A BILL paving the way for Australia to process asylum seekers offshore has passed the lower house, capping an extraordinary day in the Federal Parliament.
Members debated Rob Oakeshott's bill, which would allow offshore processing in member countries of the Bali process, for more than four hours.
The Bali process, a regional approach to combating people smuggling, has 46 member countries, including Malaysia and Nauru.
Tasmanian independent Andrew Wilkie succeeded in having a 12-month sunset clause attached to the bill, which finally passed the House of Representatives shortly before 8pm.
Coalition attempts to amend the bill, so offshore processing could only be done in signature countries to the UN's Refugee Convention, was defeated.
Opposition Leader Tony Abbott's last-minute pitch to lure crossbench support for the amendment - a "commitment" to increase Australia's annual refugee intake to 20,000 within three years - fell on deaf ears and was defeated.
But the bill now faces a hostile Senate.
The Greens do not support any form of offshore processing, and will join with the Coalition to defeat it in the upper house.
On an eventful day in the nation's capital, other key developments included:
Up to 40 MPs from across the political divide meeting in the morning, before the boat capsizing, in an effort to reach a bipartisan resolution to the asylum seeker impasse.
Question time being abandoned so Mr Oakeshott's bill could be debated.
Mr Abbott trying unsuccessfully to move a private members bill to have the Coalition's policy adopted.
Mr Oakeshott's bill and the subsequent Coalition amendments generating spirited debate, lasting more than five hours.
Greens Deputy Leader Adam Bandt telling the lower house the Greens would not support the bill, even with the Coalition amendments.
In a week that was supposed to be all about the carbon tax, the sinking of a second boat in less than a week north of Christmas Island ensured asylum seeker policy dominated the political agenda on the penultimate day before Parliament rises for the winter break.
As of 7pm, Customs and Border Protection had confirmed one death after a boat capsized 200km north of Christmas Island. Three merchant vessels had plucked 125 survivors from the sea.
Initial reports are that up to 150 people may have been onboard, including women and children.
The incident occurred about 24km east of where another boat capsized last week. Up to 90 people are thought to have died in that incident.
Earlier in the day Prime Minister Julia Gillard told MPs the "eyes of the nation" were on them.
In a desperate bid to break the policy impasse, Ms Gillard brought forward debate on independent MP Rob Oakeshott's private members bill.
"In view of these events, and in view of the events of last week, I want to say to the Parliament now most sincerely that I believe the time for the party divide on this issue is at an end," Ms Gillard said.
"We have seen too much tragedy. And I can't, and I don't believe other Members of Parliament can, now sit here with the prospect of more tragedy to come."
Ms Gillard said it was significant the bill had been brought by an independent MP.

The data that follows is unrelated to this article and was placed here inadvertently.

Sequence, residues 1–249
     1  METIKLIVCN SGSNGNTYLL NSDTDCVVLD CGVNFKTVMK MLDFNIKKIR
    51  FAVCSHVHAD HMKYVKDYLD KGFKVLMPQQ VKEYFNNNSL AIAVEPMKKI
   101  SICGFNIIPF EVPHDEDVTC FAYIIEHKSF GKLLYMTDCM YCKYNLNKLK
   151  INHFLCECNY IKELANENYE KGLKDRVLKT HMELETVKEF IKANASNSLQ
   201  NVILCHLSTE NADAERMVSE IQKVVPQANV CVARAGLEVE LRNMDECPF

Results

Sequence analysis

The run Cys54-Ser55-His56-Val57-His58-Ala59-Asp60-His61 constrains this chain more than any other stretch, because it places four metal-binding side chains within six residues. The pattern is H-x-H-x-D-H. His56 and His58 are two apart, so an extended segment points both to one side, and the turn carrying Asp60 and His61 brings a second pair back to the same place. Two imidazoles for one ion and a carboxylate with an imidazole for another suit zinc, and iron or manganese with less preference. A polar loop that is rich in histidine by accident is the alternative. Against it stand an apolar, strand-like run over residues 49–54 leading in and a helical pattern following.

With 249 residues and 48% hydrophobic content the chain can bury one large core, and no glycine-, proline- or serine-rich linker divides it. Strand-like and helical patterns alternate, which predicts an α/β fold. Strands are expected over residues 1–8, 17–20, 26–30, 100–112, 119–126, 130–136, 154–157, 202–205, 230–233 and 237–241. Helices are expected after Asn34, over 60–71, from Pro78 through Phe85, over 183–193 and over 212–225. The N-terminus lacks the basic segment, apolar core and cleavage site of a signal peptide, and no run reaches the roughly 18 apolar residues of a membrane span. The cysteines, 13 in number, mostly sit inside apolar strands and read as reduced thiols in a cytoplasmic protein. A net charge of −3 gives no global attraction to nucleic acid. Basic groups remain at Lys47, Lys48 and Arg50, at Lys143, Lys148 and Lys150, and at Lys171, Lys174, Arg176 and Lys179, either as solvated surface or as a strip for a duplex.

This, she said, would ensure there were no winners and losers.
"I, as a Labor leader, would want to walk from this place saying no-one won, no-one lost, we just got something done," she said.
"And I think an independent member's bill gives us all the opportunity to do just that."
Ms Gillard said if Mr Oakeshott's bill passed both houses, the government would reopen a detention centre on Nauru, the Opposition's preferred option, as well as proceeding with the Malaysia option.
She said the government would also undertake a review to assess the "deterrence value" of temporary protection visas, created under John Howard's government and torn up by Kevin Rudd in 2008.
Mr Abbott said the coalition's asylum seeker policy had been consistent.
"We've always supported offshore processing with protections," Mr Abbott said.
Mr Abbott repeatedly referred to finding "common ground", but said the Coalition would "never" support any policy in which asylum seekers were sent to Malaysia.
He said the disasters raised serious questions about Australia's border protection resources in the region, improved co-operation with Indonesia and government policy.
HOW IT UNFOLDED
6.17am: Australian Federal Police receive a satellite call from a vessel, possibly in distress, two nautical miles north of Christmas Island. AFP alerts the Australian Maritime Safety Authority. Border protection command vessels rush to the scene, but find nothing.
7.30am: AFP receives a further call from the vessel, advising that it is actually 107 nautical miles north of Christmas Island. Large scale search and rescue, co-ordinated by AMSA, begins.
10.30am: Two merchant vessels reach the estimated location of the vessel in distress and reports seeing a vessel stopped in the water with people on board wearing life jackets. No people are reported as being in the water.
11.37am: The merchant vessel reports that the boat is sinking and there are people in the water. The merchant vessel deploys life rafts to render assistance.
2pm: HMAS Maitland arrives on the scene.
4pm: HMAS Leeuwin arrives on the scene.
5pm: Customs confirms the death of least one person and the rescue of 125 people